The Admissions Process

Legal Parameters
As far as Deaf Vee Journal is aware, MSD is the only state-run, public taxpayer-funded school for the Deaf that accepts out-of-state students on a tuition basis. Current state law allows MSD to do so, and the origins of this specific law predates 1992 (The Maryland Bulletin, October-November 1992).

§ 8-304: Maryland School for the Deaf – Admissions

(1)The Maryland School for the Deaf shall adopt written standards for the admission of students.
(2) The standards shall define and distinguish between students who are bona fide Maryland residents and those who are out-of-state students, for purposes of admission and tuition.
(2a) Tuition – State Residents. The Maryland School for the Deaf shall admit free of charge students who: are bona fide Maryland residents; and meet its admissions standards.

(2b) Tuition – Out-of-state students. The Maryland School for the Deaf may admit for tuition out-of-state students who meet its admission standards. The School shall establish tuition rates on an annual basis.

We were not able to pinpoint exactly which year or any explanation as to why it was first introduced to the Maryland General Assembly, as the furthest Maryland General Assembly’s online archives go back is 1996 and the Maryland State Archives has not yet optimized their search engine for all legislative records. While there is evidence to suggest the legal authorization of out-of-state admissions occurred as an amendment to existing law in either 1957 or 1978, a thorough search of legislative records from both years as an attempt to confirm this was futile. Without this information, we cannot provide the context that others may be looking for when it comes to answering the “why” and the “how” behind this law.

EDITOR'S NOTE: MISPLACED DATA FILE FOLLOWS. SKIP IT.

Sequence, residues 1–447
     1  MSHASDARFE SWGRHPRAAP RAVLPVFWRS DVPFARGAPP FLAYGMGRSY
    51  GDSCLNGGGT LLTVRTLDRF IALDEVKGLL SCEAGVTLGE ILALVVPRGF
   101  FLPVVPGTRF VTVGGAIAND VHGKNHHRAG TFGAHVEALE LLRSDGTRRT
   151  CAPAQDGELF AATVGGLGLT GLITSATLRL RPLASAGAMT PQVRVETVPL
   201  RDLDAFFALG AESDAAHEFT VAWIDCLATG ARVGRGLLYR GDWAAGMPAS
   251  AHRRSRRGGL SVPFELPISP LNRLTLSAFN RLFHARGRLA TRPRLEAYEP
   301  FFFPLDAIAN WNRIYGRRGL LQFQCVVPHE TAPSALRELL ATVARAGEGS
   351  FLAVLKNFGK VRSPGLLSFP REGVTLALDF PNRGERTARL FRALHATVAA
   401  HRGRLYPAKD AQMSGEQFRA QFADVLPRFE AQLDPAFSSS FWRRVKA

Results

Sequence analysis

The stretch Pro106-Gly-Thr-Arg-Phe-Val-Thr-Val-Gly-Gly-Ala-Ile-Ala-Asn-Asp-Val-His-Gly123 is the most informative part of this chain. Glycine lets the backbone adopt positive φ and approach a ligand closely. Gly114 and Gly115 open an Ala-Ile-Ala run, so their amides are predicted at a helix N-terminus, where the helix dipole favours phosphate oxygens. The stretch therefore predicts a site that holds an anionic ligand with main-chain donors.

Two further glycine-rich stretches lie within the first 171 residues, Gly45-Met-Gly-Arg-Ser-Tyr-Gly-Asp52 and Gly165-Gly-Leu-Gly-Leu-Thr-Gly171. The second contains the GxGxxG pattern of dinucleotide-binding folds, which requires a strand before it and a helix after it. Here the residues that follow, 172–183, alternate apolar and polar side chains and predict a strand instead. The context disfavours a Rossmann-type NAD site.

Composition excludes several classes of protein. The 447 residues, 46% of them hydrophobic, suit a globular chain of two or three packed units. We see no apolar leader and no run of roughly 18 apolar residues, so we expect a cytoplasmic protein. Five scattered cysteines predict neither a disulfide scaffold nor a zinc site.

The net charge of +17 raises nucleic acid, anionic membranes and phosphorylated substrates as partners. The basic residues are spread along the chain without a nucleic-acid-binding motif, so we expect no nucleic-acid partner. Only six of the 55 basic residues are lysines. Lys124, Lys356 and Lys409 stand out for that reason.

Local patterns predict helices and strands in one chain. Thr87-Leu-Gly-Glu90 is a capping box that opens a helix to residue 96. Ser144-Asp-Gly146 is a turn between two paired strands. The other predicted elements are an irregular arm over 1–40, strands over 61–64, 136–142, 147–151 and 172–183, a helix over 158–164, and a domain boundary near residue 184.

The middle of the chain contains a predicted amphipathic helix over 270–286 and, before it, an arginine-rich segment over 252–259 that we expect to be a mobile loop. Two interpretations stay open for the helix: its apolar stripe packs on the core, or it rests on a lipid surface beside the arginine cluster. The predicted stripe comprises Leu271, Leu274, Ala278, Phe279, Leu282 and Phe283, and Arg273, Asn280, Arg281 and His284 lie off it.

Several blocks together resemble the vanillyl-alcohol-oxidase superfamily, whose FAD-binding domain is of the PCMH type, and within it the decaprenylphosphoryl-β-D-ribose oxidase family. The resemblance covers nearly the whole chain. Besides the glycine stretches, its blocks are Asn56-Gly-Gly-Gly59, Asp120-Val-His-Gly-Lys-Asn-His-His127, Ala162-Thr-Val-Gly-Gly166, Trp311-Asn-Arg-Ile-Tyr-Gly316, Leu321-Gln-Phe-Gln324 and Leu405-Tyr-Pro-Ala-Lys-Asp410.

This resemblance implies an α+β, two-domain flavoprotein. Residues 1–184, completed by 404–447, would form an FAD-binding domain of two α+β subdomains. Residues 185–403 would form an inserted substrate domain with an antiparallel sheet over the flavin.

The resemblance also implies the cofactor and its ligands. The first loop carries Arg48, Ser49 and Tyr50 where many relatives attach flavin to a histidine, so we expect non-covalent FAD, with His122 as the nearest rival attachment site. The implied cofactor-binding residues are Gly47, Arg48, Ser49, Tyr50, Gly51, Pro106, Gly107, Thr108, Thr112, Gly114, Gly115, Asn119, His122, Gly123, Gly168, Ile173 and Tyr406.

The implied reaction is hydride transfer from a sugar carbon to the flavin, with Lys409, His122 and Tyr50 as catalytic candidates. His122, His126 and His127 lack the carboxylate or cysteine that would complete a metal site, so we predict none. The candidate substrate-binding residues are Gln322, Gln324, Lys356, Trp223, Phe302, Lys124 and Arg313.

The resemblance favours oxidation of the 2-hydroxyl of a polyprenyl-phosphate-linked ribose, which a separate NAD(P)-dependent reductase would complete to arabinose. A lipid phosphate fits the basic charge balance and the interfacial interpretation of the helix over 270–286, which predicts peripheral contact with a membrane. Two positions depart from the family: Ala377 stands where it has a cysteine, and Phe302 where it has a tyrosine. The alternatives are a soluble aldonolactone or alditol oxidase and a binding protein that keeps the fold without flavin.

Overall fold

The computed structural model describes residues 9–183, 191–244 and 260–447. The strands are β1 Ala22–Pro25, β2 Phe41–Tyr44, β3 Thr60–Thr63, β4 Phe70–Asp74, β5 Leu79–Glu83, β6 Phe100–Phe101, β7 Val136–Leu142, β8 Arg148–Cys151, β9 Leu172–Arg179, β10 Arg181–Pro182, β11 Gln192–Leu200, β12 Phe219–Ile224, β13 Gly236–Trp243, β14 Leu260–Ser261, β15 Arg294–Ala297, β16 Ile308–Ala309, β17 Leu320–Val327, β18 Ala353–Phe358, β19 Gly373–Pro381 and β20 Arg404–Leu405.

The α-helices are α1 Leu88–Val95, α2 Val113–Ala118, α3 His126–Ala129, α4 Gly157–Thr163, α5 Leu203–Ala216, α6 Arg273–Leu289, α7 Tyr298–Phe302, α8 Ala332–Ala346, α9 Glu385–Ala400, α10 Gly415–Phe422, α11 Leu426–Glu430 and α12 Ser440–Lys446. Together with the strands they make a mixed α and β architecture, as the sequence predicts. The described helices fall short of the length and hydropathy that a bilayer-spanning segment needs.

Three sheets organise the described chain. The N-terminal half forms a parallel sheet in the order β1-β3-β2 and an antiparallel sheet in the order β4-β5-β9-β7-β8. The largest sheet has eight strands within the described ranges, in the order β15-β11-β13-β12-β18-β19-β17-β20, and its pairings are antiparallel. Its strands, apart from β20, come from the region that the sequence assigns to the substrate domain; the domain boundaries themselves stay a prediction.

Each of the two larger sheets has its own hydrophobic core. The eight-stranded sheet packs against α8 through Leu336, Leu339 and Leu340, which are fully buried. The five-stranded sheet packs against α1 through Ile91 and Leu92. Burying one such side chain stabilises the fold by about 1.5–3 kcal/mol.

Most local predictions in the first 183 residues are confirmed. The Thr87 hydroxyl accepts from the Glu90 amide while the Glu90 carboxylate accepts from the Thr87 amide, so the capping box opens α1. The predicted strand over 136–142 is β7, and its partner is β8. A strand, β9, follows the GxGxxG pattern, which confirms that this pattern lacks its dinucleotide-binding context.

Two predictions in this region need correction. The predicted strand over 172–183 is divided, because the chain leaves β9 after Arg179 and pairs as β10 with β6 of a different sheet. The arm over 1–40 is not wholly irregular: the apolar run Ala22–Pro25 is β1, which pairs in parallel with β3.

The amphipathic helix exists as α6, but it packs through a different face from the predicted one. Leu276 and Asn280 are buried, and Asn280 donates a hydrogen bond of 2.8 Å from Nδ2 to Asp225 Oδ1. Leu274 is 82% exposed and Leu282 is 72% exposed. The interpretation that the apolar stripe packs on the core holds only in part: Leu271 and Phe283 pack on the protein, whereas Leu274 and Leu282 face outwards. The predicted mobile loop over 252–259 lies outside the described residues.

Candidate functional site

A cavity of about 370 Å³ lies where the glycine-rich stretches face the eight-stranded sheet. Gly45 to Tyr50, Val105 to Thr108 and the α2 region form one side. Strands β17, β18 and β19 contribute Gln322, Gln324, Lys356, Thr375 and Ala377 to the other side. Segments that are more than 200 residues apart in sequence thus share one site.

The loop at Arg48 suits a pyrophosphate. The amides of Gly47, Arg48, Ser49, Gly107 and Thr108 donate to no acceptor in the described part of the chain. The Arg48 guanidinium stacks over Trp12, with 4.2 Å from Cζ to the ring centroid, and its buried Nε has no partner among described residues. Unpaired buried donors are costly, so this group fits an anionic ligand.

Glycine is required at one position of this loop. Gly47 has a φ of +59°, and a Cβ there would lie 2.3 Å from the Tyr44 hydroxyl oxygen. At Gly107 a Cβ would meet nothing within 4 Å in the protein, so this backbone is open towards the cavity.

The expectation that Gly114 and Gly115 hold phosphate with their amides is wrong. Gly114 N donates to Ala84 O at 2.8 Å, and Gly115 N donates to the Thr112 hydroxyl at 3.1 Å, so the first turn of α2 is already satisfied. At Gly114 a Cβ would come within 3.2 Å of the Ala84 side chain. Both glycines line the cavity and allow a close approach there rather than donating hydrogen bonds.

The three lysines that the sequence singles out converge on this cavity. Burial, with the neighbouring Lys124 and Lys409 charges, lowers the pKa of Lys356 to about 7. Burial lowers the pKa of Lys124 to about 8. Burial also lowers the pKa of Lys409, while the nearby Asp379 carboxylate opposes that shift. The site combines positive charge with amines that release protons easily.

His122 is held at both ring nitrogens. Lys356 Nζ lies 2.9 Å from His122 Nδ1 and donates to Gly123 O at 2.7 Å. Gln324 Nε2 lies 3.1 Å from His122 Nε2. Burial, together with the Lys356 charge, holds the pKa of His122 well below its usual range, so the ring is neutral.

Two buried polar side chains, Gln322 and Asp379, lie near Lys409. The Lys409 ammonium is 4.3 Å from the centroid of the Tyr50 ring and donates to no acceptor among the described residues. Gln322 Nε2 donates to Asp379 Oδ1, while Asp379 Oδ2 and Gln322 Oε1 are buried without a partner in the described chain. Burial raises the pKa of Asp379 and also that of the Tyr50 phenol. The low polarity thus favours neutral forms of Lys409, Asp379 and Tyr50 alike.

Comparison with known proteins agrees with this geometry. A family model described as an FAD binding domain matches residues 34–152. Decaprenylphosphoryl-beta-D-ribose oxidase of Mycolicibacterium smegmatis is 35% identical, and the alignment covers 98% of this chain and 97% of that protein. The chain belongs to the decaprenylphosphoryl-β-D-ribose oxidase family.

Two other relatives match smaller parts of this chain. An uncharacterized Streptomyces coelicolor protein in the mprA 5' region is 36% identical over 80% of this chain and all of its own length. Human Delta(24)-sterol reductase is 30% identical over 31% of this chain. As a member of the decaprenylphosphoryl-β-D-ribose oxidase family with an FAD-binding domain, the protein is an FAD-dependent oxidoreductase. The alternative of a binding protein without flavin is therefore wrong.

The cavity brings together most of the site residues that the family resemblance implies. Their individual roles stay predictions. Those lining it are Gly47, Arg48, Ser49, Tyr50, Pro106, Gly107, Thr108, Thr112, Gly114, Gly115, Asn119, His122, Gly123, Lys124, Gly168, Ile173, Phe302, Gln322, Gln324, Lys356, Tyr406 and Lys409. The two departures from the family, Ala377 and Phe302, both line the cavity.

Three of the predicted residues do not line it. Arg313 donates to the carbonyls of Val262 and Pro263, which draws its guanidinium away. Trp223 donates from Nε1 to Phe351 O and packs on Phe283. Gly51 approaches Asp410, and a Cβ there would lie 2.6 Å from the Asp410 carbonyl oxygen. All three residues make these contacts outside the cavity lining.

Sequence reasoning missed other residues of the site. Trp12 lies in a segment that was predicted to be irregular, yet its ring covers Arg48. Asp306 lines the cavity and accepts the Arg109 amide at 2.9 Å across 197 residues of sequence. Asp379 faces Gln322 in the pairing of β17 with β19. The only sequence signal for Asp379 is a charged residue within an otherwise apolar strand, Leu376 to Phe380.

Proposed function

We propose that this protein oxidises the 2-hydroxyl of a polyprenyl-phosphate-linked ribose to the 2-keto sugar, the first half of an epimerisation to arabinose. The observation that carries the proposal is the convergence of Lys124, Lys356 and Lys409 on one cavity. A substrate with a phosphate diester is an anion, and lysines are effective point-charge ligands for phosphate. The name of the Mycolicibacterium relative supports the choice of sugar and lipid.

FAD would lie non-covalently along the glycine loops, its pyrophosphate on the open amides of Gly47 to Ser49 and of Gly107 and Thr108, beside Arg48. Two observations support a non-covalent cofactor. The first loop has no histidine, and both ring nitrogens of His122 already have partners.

Page 14 of the MSD 2019-2020 Handbook shows that in-state applicants have admission priority over out-of-state applicants:

In-State students are given admission priority over out-of-state applicants. Out-of-State applicants who are eligible may be admitted to MSD provided that all eligible in-state applicants have been accepted and are being served. Out-of-State student enrollment will be reviewed on an annual basis to ensure that in-state applicants continue to have priority offers of placement.